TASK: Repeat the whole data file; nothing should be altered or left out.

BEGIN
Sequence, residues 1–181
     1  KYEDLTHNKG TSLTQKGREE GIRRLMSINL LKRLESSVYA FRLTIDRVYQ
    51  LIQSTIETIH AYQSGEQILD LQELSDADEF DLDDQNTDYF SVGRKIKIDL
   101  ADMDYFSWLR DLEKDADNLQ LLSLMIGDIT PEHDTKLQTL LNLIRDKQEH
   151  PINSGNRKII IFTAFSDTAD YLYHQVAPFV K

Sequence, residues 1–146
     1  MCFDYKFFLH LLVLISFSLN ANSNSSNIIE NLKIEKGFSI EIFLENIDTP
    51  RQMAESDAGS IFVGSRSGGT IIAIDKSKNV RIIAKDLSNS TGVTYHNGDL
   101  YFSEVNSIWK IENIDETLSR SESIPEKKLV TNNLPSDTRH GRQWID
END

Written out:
Sequence, residues 1–181
     1  KYEDLTHNKG TSLTQKGREE GIRRLMSINL LKRLESSVYA FRLTIDRVYQ
    51  LIQSTIETIH AYQSGEQILD LQELSDADEF DLDDQNTDYF SVGRKIKIDL
   101  ADMDYFSWLR DLEKDADNLQ LLSLMIGDIT PEHDTKLQTL LNLIRDKQEH
   151  PINSGNRKII IFTAFSDTAD YLYHQVAPFV K

Sequence, residues 1–146
     1  MCFDYKFFLH LLVLISFSLN ANSNSSNIIE NLKIEKGFSI EIFLENIDTP
    51  RQMAESDAGS IFVGSRSGGT IIAIDKSKNV RIIAKDLSNS TGVTYHNGDL
   101  YFSEVNSIWK IENIDETLSR SESIPEKKLV TNNLPSDTRH GRQWID